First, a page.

Mental health first-aid at work
The House of Commons had been due to debate Mental Health First Aid (MHFA) last Wednesday (19th December) and specifically whether there should be a requirement on employers to provide mental health first-aid training, as there is for physical first-aid. Unfortunately the debate has been postponed to an indeterminate date in the New Year.
This could be an excellent opportunity to improve mental health literacy at work. It can be about starting conversations that otherwise may not have taken place – breaking the silence enforced by stigma. Even just having the names and faces of mental health first-aiders on the first-aid noticeboard, can help make mental health more acceptable.
Often in workshops, when I ask what’s the first think you think of when you think of mental health? invariably the first answers are negative such as ‘depression’ or ‘schizophrenia’ or even ‘Victorian asylums’ rather than a positive view like this from WHO:
- …a state of well-being in which every individual realizes his or her own potential, can cope with the normal stresses of life, can work productively and fruitfully, and is able to make a contribution to her or his community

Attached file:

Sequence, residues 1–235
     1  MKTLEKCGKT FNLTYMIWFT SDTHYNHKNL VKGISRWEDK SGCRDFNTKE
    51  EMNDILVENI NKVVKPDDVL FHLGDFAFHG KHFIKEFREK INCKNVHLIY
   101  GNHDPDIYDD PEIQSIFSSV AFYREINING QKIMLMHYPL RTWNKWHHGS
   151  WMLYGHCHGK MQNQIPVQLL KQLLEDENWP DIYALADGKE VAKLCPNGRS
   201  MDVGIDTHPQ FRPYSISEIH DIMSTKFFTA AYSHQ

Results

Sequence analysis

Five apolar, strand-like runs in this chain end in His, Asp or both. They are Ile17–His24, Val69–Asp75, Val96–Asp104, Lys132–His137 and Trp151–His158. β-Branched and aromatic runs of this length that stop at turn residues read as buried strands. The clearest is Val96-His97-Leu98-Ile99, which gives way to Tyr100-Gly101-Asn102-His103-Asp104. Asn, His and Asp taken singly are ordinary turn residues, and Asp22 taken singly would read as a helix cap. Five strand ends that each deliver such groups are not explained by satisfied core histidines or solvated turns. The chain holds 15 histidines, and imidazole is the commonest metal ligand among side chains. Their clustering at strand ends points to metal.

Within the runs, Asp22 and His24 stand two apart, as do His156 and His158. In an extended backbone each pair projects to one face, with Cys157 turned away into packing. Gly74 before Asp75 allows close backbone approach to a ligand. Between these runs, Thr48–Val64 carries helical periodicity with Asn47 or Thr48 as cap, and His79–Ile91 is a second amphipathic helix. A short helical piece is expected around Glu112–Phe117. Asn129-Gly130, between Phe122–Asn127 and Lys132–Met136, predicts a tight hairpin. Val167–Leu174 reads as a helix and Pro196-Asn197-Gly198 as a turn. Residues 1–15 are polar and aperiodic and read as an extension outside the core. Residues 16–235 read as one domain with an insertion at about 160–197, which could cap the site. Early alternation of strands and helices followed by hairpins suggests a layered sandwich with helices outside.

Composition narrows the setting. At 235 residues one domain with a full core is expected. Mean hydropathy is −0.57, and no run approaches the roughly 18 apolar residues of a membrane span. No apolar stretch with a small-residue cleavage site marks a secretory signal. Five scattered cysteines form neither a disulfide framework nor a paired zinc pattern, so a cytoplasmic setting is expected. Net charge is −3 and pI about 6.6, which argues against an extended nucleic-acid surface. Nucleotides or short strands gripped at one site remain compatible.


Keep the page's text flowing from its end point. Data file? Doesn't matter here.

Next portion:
Mental health first-aiders are not counsellors, psychotherapists or psychiatrists, but rather informed companions, sharing an understanding of the workplace, and mental health experience. And they can only provide ‘first-aid’, not the equivalent of expecting someone to fix a broken leg – a profound fracture of the mind.
They are there to take charge and get help in a moment of crisis, or simply apply an emotional plaster, with TLC.
However, they do need to be part of organization’s management approach, so that the governing mind of the organization acknowledge and recognise the extent of issues, even if anonymously, to help create a trusted environment.
MHFA is not necessarily first-aid for harm received at work but a recognition that we all, in one way or another, bring our whole lives to work. However much we focus on the tasks which face us, we may be affected, in different ways, by a variety of life events such as moving house, divorce, or bereavement, and the right conversations with people we trust, can help us through.
For more information visit Mental Health First Aid England
See the House of Commons debate pack